Thursday, March 22, 2007

Creator of '1984' Video Unmasked -- Has Obama Link

So now we know who did the brilliant, powerful Hillary 1984 ad (even Hillary supporters, while I'm sure hating the ad and decrying negative campaigning, will have to admit that it IS brilliant and powerful, perfectly and vividly capturing the beliefs/concerns that many people have about her): it was someone who worked at the company that did Obama's web site, Blue State Digital.  So what?  Neither Obama's campaign nor Blue State Digital had any knowledge of this and Obama certainly can't be held responsible for every action taken by his millions of supporters.
I like the way this guy thinks and agree with him -- I too will likely support Hillary if she's the nominee:
DeVellis concludes his Huffington Post posting, "Let me be clear: I am a proud Democrat, and I always have been. I support Senator Obama. I hope he wins the primary. (I recognize that this ad is not his style of politics.) I also believe that Senator Clinton is a great public servant, and if she should win the nomination, I would support her and wish her all the best.

"I've resigned from my employer, Blue State Digital, an internet company that provides technology to several presidential campaigns, including Richardson's, Vilsack's, and -- full disclosure -- Obama's. The company had no idea that I'd created the ad, and neither did any of our clients. But I've decided to resign anyway so as not to harm them, even by implication.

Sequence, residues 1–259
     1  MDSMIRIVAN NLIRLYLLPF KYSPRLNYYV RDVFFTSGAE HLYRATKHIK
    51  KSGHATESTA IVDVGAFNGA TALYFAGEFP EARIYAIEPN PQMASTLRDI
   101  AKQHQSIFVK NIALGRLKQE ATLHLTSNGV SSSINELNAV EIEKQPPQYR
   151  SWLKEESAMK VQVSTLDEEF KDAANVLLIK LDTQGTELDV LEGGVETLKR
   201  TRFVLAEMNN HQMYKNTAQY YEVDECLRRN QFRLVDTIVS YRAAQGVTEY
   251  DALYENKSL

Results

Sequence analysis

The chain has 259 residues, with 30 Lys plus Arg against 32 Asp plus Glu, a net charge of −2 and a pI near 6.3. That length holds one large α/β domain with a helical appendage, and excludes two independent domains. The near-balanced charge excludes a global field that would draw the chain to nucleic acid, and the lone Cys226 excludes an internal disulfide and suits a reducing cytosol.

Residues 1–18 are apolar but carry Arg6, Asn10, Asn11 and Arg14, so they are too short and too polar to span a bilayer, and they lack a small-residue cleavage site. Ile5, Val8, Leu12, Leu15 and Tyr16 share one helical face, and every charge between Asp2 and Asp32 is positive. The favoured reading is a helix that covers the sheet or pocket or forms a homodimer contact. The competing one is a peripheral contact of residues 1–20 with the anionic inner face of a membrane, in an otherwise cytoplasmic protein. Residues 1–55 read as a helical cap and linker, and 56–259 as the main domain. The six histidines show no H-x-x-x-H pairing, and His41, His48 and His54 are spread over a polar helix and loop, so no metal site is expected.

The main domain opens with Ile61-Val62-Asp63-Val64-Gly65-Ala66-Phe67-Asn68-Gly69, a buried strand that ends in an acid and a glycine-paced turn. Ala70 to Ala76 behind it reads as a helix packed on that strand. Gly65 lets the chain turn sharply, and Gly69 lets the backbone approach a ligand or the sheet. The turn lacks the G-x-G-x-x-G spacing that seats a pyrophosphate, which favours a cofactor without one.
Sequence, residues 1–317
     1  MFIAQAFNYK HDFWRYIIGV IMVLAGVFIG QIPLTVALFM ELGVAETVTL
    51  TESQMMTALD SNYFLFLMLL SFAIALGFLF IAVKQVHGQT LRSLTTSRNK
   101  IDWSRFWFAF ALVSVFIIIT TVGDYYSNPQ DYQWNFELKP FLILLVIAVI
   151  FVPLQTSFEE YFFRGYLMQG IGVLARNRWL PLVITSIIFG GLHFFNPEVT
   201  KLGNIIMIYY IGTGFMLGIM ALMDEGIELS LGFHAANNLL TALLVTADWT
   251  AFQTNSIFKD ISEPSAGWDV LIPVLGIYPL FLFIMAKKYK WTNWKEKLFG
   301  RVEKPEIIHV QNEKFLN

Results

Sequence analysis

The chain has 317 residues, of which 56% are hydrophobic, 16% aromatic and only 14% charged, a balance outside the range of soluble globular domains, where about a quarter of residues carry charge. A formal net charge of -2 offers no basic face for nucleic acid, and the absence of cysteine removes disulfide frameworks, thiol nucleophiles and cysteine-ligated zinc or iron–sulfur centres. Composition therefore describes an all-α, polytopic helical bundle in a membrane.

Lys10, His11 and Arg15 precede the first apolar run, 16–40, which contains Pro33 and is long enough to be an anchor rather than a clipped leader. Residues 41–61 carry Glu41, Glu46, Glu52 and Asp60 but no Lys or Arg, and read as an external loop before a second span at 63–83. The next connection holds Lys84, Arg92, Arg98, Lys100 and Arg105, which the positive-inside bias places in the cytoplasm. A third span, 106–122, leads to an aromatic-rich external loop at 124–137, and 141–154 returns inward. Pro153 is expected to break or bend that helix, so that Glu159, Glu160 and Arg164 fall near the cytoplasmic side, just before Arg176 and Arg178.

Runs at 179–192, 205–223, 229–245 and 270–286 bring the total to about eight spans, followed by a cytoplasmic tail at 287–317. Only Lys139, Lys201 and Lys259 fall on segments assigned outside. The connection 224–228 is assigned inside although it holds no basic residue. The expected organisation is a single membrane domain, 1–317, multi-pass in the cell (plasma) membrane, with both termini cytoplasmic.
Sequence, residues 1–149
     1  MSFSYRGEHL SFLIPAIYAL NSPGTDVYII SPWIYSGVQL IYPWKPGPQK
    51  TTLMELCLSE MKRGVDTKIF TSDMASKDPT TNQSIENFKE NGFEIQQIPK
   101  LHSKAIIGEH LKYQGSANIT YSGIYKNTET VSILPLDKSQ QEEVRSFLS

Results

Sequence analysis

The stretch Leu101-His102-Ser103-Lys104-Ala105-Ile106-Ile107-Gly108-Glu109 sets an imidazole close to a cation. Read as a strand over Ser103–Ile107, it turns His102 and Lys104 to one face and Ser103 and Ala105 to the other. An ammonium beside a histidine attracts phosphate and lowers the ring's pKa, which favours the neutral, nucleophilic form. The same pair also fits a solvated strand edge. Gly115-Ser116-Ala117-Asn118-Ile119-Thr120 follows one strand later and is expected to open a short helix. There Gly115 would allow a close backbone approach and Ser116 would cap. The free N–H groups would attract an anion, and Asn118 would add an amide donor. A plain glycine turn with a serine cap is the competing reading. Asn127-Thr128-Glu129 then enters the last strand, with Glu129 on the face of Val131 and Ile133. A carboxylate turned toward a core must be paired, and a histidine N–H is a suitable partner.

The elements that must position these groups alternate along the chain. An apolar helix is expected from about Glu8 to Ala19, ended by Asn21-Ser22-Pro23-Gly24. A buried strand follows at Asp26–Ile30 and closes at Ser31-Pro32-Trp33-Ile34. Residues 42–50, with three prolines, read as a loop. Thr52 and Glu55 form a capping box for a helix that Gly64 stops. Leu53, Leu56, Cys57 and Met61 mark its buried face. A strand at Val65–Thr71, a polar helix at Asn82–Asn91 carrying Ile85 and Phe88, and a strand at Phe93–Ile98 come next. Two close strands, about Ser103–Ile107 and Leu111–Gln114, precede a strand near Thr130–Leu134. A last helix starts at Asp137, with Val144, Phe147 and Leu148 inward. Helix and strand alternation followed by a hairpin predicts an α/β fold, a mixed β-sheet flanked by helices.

"This ad was not the first citizen ad, and it will not be the last. The game has changed."
Creator of '1984' Video Unmasked -- Has Obama Link

By E&P Staff and The Associated Press

WASHINGTON The mystery creator of the Orwellian YouTube ad against Hillary Rodham Clinton is a Democratic operative who worked for a digital consulting firm with ties to rival Sen. Barack Obama. Philip de Vellis, a strategist with Blue State Digital, acknowledged in an interview with The Associated Press that he was the creator of the video, which portrayed Clinton as a Big Brother figure and urged support for Obama's presidential campaign.

De Vellis said he resigned from the firm on Wednesday after he learned that he was about to be unmasked by the, a liberal news and opinion Internet site.

"Hi. I'm Phil. I did it. And I'm proud of it," he quickly wrote on his own (new) blog at Huffington Post.

"I made the 'Vote Different' ad because I wanted to express my feelings about the Democratic primary, and because I wanted to show that an individual citizen can affect the process. There are thousands of other people who could have made this ad, and I guarantee that more ads like it--by people of all political persuasions--will follow."


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